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Tag : cleaning

Launch – New Website and Improved Support

Over the past few months, TotalCare has been investing across different areas of the business, ranging from accreditations, staff training, internal processes and marketing, to future proof the way we engage and offer our services.

Today we are proud to launch Phase 1 of our new website. We plan to add new features to our website which will make it easier to get in touch, book services and receive faster quotations. The website is more intuitive across different screen sizes and devices.

We will keep you up-to-date with our activities, including: business updates, activities, events and where we are. We are excited for the future, and feel confident that by continually building a strong business behind the scenes, this will improve our customers experience front of house.

Visit our website today and watch out for new features coming this year: www.totalcarehygieneservices.com

 

 

#cleaning #cleaningservices #refrigeration #hotel #website #service #facilities #maintenance #engineering #newhorizons

TotalCare: A Big Solution for A Hotel’s Biggest Problem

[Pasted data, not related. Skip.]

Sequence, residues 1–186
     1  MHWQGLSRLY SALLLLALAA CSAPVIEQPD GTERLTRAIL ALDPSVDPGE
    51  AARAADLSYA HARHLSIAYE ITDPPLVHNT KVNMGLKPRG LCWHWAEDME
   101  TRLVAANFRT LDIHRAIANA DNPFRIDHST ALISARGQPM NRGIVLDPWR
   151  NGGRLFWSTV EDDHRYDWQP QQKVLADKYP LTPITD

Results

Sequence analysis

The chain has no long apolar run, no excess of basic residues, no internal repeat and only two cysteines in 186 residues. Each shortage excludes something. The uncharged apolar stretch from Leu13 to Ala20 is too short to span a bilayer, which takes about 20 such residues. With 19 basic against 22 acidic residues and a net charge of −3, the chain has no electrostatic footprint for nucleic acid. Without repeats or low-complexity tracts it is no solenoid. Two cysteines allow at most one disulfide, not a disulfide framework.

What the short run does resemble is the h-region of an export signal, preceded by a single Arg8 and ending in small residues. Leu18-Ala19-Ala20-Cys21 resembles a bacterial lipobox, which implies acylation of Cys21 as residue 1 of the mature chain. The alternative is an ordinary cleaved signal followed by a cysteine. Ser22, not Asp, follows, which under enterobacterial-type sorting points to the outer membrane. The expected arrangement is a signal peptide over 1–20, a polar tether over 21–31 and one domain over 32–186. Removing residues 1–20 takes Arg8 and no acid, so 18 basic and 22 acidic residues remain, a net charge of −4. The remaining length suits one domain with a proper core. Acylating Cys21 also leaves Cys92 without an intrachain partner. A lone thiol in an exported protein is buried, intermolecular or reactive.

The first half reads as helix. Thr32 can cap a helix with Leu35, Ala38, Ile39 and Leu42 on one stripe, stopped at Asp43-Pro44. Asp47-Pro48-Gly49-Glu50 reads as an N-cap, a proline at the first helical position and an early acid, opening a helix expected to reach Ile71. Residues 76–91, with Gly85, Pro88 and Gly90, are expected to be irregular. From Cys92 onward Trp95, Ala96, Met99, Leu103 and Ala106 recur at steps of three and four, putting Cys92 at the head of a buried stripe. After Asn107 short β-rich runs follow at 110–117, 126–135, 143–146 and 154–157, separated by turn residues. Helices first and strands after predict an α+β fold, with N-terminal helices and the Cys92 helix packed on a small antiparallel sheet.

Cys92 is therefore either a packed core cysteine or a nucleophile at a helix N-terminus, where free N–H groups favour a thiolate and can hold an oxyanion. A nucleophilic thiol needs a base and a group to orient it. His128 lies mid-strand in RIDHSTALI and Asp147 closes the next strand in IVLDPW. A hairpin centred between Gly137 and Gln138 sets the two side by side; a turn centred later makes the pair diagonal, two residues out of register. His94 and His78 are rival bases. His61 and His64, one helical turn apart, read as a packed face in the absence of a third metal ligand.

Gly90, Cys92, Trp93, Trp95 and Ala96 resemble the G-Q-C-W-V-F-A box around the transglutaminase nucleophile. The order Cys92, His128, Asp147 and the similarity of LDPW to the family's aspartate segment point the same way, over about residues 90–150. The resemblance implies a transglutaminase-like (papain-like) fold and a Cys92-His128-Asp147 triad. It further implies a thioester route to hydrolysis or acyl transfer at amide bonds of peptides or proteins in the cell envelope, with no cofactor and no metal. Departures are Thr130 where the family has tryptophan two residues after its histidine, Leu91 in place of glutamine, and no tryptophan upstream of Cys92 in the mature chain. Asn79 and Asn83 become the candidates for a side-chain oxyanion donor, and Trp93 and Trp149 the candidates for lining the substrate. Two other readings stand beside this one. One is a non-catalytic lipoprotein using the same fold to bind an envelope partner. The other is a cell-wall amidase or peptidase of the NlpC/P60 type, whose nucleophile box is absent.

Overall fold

Hotels are big business here in the UK: 36 million overseas visitors came to the country during last year alone[1]. It’s safe to say the economy would not function without the revenue the hospitality industry provides.

From a hotel manager’s perspective, return customers are everything: it costs five to eight times more to attract a new customer than to retain an existing one[2]. Give the customer an experience that is comfortable, easy and enjoyable – whether they’re a couple celebrating a special occasion, a tourist exploring the local area, or a business employee looking for a stress-free stay – and they’re much more likely to come back. Which means steadier revenues and a better reputation – vital in today’s era of internet reviews and viral complaints.

So let’s talk logistics for a second, because the organisation involved in keeping any hotel running smoothly can be staggering. Hotels aim for 80% room occupancy over the year: around 10% of occupancies are lost to no-shows, and staff generally over-book to compensate for these. Since the final unoccupied 10% represents only a loss in revenue, it’s vital that room turnover is as efficient as possible.